Former General Electric CEO Jack Welch created a firestorm on Friday when he tweeted that the drop in the unemployment rate from 8.1 percent to 7.8 percent was bogus. He was far from the only one that was skeptical of the stats newly released by the U.S. Labor Department.
That being said, it wouldn’t be the first time that federal government bureaucrats made mistakes in their numbers crunching; the fact that we are 30 days from a president election is, of course, a factor too. The Obama administration has denied cooking the numbers to make the president look better.
Welch and MSNBC’s Chris Matthews debate the issue on Hardball (see video below). Welch conceded that he had no evidence of a conspiracy by the Bureau of Labor Statistics but that numbers don’t make sense in relation to other other economic trends and are based on “a series of wild assumptions.” Welch refused to back down from anything he said in his tweet (see below)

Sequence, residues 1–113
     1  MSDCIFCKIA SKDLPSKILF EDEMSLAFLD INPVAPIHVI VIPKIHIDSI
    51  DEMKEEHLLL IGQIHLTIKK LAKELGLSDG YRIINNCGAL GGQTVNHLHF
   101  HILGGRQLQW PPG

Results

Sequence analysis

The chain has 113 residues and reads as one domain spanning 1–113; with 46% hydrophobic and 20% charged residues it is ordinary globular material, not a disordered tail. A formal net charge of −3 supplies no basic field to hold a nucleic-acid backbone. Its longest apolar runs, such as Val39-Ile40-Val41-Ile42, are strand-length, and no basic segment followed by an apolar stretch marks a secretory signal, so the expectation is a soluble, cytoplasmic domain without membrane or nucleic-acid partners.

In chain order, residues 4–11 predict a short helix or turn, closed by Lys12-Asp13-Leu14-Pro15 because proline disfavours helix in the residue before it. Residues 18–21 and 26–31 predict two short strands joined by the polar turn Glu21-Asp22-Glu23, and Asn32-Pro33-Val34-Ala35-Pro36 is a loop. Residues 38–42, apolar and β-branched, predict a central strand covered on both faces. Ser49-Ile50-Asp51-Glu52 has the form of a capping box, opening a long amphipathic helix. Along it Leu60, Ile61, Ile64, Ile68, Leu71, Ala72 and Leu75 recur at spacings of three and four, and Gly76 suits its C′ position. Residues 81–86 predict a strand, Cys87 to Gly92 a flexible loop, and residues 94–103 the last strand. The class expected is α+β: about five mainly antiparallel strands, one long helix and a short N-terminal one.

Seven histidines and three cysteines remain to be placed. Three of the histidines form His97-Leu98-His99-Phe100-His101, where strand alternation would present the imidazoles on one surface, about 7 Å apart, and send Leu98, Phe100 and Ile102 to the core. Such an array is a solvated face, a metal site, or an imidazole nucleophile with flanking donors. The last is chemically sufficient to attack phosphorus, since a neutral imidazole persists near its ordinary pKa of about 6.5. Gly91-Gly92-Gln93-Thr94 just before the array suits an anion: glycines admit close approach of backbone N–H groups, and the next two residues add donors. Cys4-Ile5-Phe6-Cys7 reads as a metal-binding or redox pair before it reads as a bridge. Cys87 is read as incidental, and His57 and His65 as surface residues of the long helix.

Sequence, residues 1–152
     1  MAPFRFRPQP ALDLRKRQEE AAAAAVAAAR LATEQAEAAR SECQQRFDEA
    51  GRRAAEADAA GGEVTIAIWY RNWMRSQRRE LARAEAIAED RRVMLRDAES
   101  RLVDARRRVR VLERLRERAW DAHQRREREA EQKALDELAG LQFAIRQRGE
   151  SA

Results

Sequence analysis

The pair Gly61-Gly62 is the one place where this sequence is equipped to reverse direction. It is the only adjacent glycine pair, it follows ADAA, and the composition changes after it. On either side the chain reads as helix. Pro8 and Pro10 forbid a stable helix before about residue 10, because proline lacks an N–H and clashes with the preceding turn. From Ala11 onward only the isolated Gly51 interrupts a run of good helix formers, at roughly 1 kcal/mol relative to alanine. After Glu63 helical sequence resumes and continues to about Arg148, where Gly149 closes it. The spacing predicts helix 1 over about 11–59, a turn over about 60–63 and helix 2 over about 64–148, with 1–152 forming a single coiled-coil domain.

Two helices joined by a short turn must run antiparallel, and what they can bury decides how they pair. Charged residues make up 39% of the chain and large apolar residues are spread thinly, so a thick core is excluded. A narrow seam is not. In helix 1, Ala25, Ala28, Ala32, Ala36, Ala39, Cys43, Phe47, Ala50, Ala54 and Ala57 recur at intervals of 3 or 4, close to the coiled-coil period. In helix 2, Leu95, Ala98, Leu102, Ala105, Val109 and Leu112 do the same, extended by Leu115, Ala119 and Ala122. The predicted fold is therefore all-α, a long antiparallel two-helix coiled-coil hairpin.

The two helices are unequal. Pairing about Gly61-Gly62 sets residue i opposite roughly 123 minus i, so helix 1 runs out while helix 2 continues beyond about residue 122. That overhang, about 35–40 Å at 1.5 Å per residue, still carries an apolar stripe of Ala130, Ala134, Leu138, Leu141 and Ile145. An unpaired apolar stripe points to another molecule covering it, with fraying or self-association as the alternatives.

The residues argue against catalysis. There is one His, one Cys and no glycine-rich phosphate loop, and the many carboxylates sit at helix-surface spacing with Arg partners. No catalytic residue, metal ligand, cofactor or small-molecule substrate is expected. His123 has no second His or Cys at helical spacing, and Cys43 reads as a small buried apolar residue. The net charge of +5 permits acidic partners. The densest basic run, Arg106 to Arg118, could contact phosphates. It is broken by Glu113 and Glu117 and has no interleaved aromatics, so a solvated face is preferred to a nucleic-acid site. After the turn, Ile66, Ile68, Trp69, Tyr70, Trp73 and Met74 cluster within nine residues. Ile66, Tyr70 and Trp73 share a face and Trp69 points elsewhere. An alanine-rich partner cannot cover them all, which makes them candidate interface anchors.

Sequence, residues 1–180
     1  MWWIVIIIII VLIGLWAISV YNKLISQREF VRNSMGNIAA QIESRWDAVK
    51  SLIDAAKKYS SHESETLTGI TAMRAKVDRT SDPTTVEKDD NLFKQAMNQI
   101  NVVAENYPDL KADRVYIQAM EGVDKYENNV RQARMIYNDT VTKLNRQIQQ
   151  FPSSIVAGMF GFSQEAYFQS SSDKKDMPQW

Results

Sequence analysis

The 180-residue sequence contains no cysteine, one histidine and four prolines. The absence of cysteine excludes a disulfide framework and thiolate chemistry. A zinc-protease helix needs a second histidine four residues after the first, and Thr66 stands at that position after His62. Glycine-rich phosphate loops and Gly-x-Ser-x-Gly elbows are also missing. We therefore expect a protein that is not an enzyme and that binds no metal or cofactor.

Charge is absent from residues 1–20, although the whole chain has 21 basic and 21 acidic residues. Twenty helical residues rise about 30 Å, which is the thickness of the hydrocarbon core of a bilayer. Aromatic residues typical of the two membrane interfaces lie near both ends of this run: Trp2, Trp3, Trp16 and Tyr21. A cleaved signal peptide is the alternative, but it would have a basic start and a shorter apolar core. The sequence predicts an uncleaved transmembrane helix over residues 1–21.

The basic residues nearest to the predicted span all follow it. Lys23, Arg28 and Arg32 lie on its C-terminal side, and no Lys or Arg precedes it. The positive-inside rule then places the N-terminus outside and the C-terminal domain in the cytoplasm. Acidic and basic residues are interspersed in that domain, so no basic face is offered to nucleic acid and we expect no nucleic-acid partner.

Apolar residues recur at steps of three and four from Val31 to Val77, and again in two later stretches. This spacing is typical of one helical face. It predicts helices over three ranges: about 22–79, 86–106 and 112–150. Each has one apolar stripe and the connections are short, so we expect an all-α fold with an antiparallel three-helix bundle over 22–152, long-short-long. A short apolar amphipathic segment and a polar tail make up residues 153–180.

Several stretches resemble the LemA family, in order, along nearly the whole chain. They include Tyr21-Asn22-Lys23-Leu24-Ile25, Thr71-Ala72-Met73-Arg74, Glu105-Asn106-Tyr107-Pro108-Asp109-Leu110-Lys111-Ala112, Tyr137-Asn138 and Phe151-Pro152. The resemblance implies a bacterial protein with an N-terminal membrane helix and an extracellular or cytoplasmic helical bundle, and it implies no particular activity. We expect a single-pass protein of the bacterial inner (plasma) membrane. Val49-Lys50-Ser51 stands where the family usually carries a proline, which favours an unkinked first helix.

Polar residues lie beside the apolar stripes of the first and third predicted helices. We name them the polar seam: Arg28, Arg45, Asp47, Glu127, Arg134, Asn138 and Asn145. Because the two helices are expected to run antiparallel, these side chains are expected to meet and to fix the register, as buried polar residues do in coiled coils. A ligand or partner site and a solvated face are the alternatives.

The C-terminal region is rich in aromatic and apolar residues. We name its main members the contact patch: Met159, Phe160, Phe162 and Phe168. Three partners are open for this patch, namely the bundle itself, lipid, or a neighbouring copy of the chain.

Separately, Douglas Holtz-Eakin, the former chief of the Congressional Budget Office called the numbers “implausible” according to the Weekly Standard.
To some degree, all this rhetoric about government statistics begs the question, because the unofficial unemployment picture if far worse. As the New York Post‘s John Crudele explains:
“But the broader underemployment rate — which includes those who can only find part-time work — is still 14.7 percent.”
“And when you include people who have completely given up looking for work and therefore aren’t counted, the number of underemployed and unemployed is 22.5 percent.”
This is the tweet that started it all:
Unbelievable jobs numbers..these
Chicago guys will do anything..can’t debate so change numbers
— Jack Welch
(@jack_welch) October 5, 2012
Watch Chris Matthews debate Jack Welch about the new unemployment numbers:
Congressman Allen West also isn’t buying the Labor Department’s unemployment rate data, either:
DO you think the slight drop in the unemployment rate claimed by the Labor Department is politically motivated?